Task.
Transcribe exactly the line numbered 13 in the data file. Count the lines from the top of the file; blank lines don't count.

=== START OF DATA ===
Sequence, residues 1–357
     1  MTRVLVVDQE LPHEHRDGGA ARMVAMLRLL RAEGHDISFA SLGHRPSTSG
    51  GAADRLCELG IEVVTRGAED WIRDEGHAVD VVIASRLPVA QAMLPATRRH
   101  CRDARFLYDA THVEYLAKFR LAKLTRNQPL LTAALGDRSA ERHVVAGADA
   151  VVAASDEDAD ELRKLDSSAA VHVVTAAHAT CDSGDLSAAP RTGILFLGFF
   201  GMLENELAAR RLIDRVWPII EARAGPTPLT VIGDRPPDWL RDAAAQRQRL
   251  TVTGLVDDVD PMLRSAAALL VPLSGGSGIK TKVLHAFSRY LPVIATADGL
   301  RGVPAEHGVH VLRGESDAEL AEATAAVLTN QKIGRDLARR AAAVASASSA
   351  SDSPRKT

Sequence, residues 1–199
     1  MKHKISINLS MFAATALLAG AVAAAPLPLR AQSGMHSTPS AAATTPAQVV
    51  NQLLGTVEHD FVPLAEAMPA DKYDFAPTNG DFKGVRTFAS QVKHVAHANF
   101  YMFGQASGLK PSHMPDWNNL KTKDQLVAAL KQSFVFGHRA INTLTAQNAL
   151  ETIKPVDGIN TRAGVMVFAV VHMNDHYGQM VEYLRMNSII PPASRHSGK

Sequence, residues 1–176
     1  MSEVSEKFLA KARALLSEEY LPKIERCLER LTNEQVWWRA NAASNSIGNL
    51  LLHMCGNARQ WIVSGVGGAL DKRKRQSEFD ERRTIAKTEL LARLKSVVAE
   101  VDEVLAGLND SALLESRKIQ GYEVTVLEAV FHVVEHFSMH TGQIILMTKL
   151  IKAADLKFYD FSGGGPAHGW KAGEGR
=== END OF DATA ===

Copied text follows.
   101  YMFGQASGLK PSHMPDWNNL KTKDQLVAAL KQSFVFGHRA INTLTAQNAL